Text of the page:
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Re: Light Kit *&$%#@...

Frank Amoroso wrote:
> Hello Igor,

Hello, Frank. Sorry couldn't get arount to replying sooner.
> I am new to the list as of 10/31 and I think I came into the attached thread
> mid-stream. I am, however, contemplating euro-assemblies for my 1993 S4. I
> do want to install relays hard wired to the back of the alternator.

I used the jump-start post instead. I found it much more accesable. Use a 
heavy gauge wire with a hermetically seald in-line fuse. My lights are 560w 
total=> 560w/14v=40a max current. It's a good idea to exceed this value by 
~1,5 times for both the fuse and the gauge of this main supply wire => use 
either 6 or even 4 AWG. I also suggest that you choose a RED colour 
(international convention for a *hot* wire) or a YELLOW (Alpine tradition for 
a const +12v, whereas RED is for switcheable/ignition +12v). I personally 
always follow the Alpine convention (after having installed the first hundred 
of their HiFi systems it kinda gets in your blood forever:)

Of course after you feed this wire to the main bus of your custom made 
fuse/relay box you may choose the smaller gauge/fuse for distributing the 
power to 4 individual relays. Let's say you have my set up with the most 
current consuming beam being a HIGH with 100w H4 + 100w H3, 200w total.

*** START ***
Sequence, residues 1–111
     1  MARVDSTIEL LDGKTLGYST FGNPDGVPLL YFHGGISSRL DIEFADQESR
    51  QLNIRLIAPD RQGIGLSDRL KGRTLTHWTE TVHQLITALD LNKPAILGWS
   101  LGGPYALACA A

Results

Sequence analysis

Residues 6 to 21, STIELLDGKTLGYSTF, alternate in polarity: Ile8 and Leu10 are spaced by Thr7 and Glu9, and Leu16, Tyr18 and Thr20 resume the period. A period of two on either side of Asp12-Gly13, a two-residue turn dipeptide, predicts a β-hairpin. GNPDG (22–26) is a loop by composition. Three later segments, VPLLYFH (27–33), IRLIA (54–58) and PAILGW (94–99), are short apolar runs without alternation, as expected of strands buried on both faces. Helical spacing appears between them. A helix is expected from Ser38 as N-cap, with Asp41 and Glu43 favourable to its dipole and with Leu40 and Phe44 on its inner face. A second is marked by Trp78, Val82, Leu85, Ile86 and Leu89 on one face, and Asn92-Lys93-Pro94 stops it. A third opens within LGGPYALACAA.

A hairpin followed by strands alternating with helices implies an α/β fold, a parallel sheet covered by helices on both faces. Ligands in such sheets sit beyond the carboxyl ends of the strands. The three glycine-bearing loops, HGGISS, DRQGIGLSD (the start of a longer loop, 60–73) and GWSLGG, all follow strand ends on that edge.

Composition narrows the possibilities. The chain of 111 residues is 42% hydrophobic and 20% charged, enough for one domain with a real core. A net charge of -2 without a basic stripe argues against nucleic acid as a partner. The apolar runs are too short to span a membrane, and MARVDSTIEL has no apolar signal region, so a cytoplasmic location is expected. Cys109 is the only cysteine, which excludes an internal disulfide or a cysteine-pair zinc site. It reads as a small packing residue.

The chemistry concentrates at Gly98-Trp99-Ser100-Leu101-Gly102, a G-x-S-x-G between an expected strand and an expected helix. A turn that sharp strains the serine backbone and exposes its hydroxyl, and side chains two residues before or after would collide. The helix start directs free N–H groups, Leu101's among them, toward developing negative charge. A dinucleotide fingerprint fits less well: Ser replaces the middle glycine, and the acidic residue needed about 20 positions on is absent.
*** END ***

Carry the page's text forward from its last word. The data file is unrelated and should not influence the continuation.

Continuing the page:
200w/14v=14a, so you'll need to use no less than a 14 AWG wire with a 20a 

I strongly recomend that you use 4 individual relays and 5 fuses for the 
Euro-light wiring. I saw a lot of horrible wiring on Quattro clubs, mostly the 
el-quicko jobs where a single relay, mounted upside down (I guess to simplify 
the access to the terminals) carries out all the current switching. Needless 
to say that the terminals of said relay are always corroded to the point when 
they are green, thus creating overheat and the subsequent failure of the 
circuit. If you find it difficult to build a NEMA-4 watertight relay box, you 
should at least mount the relays with the terminals down. In this case DO NOT 
use electrical tape for isolation. Use the heat-shrink female spade crimp 
terminals instead. Yes, they are expensive (like 2/$1), but are well worth the 

Do it right, take your time, use heat shrink tubing, wire ties, split looms 
and try to do the job as neat as possible. The reward would be a bullet-proof 
I have yet to see an electrical failure on any item of the tons of aux 
equipment that I always install on my cars. Ever.

The key is to avoid what we call *spaghetty wiring* at all cost.
> For my edification, does what you explained below apply to the S4? Will the
> auto-check trip if I have an equal number of relays on both sides?

I haven't had a chance to work on an S4 yet, but if it's electricals resemble 
those of a 200 it should be no different.

> How does one go about disabling the auto-check?

On a 200 go to the aux relay block in the driver side footwell. The relay in 
question is the second from the right in the middle row.
Prepare 2 pieces of wire 2" long each, with the standard male spade terminals 
on both ends.
Take the relay out and jump 2 pairs of female terminals on the socket.

ACHTUNG! DO NOT screw up this step!

Jump 56L and 56L1.
Jump 56R and 56R1.
> Can you disable just the headlight portion?

Correct. This relay (#5 on a 200) monitors just the headlights portion of the 

Igor Kessel
'89 200TQ - 18psi (TAP)
'98 A4TQ - on order...again. For the third time and counting.
Philadelphia, PA